I was listening to one of the many comments that you were reading on your podcast regarding attachment to enlightenment, and I had a delightful series of thoughts that I felt compelled to share with the Daily Buddhism sangha. I was listening to your commentary on the issue and realized that it may not be a question of determining the meaning of desire and attachment, as is so often discussed. At the present moment I consider this dilemma of attachment to enlightenment to be a paradox. The less attached you become to enlightenment (and all other things, of course), the closer you get to it. I have in my mind a picture of a person who has attained enlightenment, who, when asked about it, simply laughs and talks about the mosquito on his arm, and how much of a good mother she is.
It always delights me when I find paradox in this world because it inevitably breeds more paradox. For example, once I had the thought to share this insight on enlightenment, my desire to share it with you actually pushed me farther away from enlightenment, because I had been spending so much energy “grasping” this thought until I could write it down to share it. Even the desire to share this thought in this current moment is, in itself, a paradox that brings me farther from the message I am trying to convey because it is simply a thought that, if I were being truly mindful, I would notice and move on. I’m sure by now I have you and your listeners’ heads spinning with this idea, and usually when I find myself crawling deeper into this particular rabbit hole (which is so tempting to do), I like to smile and say to myself, “ah, Paradox.” And move on with the rest of my day.
Of course, what I actually did was proofread the message to make sure it’s clear enough. Yet another paradox!
And now I’ve seen the Buddha on the road, so I must kill him.
Your comments are always appreciated, and thank you for the wisdom that you’ve shared with me through the podcast and your emails.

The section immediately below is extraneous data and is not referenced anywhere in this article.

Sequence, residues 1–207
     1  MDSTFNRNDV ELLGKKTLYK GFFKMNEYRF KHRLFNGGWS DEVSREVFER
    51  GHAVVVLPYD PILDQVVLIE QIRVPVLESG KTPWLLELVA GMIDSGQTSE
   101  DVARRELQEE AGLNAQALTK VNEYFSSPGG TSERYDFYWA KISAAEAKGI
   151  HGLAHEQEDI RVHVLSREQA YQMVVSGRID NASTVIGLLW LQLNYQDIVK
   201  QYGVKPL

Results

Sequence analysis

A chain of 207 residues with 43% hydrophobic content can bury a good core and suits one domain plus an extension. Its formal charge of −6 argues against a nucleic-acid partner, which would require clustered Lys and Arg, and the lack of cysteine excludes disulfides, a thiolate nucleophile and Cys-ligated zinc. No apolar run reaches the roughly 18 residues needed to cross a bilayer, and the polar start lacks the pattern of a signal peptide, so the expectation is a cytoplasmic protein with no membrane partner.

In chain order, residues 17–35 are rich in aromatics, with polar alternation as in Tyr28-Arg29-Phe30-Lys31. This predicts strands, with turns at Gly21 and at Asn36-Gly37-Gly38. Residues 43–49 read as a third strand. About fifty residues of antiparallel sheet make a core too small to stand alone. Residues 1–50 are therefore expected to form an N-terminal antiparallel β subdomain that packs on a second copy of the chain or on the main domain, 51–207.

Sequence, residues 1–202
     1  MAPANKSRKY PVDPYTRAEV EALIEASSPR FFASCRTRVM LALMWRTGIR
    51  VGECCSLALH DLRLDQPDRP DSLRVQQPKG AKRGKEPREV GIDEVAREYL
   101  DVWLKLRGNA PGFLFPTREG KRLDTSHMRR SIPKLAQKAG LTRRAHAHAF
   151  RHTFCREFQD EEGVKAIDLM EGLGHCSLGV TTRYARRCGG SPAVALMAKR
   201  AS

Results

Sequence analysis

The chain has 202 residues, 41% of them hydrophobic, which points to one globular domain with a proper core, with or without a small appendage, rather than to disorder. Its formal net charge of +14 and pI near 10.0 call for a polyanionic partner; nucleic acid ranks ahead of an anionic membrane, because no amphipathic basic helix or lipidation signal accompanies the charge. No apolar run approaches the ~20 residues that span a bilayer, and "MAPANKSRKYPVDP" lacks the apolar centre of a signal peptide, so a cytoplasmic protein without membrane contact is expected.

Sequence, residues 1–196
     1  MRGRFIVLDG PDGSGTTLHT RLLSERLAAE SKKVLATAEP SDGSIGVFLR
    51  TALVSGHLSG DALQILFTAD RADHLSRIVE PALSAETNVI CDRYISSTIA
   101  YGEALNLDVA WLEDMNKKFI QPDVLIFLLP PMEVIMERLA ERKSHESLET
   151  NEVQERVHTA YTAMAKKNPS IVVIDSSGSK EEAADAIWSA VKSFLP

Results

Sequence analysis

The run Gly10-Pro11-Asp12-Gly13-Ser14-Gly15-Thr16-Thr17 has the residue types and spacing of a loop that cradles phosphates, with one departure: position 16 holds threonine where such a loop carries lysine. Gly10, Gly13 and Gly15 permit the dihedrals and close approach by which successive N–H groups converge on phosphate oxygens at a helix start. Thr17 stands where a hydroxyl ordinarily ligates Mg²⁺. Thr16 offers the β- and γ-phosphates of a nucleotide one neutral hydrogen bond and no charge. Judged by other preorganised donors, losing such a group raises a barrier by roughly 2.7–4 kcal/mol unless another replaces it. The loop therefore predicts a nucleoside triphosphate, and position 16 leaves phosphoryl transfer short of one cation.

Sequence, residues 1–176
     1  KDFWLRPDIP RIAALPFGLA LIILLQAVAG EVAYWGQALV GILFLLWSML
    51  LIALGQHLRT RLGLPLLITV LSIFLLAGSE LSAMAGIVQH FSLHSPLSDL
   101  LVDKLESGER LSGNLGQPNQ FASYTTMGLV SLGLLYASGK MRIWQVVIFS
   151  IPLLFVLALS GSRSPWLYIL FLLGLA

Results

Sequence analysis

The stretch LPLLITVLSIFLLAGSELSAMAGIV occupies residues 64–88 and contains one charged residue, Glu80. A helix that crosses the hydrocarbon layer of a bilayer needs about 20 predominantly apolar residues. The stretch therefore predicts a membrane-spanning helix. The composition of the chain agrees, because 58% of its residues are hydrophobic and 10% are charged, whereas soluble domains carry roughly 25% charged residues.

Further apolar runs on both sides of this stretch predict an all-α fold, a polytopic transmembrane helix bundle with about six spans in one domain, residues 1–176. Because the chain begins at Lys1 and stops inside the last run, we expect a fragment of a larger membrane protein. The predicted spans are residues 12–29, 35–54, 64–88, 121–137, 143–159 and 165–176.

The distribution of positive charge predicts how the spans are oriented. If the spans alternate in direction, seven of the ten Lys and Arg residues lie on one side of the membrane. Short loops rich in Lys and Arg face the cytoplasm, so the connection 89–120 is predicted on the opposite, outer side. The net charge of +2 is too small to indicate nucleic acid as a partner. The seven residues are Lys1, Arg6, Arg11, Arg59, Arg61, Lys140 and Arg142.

Yes, those mosquito stings hurt.
Oh, you want more?
It’s not unusual for me to get a message that I shouldn’t have explained the topic about such-and-such, as some things are beyond words. Some topics cannot be explained in words, and I do realize this, but I have the “teacher mentality” coupled with the responsibility of “informing” my readers, so I feel a need to put some of the complex ideas of Buddhism into words. Sometimes it works out very well, sometimes it doesn’t, but in many cases, I just cannot leave the topic unmentioned or the question unanswered. I probably should leave some topics alone, but if I don’t bring them up, they might not be considered at all.
I guess that’s the same thing you describe; I often explain terminology and ideas here, simply because that’s my job. Yet by doing these things, I run the risk of getting bogged down in labels and terminology. A good example of this was the “Am I Buddhist Enough” post a few months back. I tried to explain what a Buddhist is and does, but there were several reader comments that correctly pointed out that “Buddhist” is just a label and doesn’t matter anyway. Yet, there does seem to be a need to define and understand what it means to be one. It’s another contradiction or paradox.
I suspect that paradox is much more common in our lives than we tend to believe. You know things should be done one way, yet you do them in just the opposite way. Why is this? Comment with your own examples!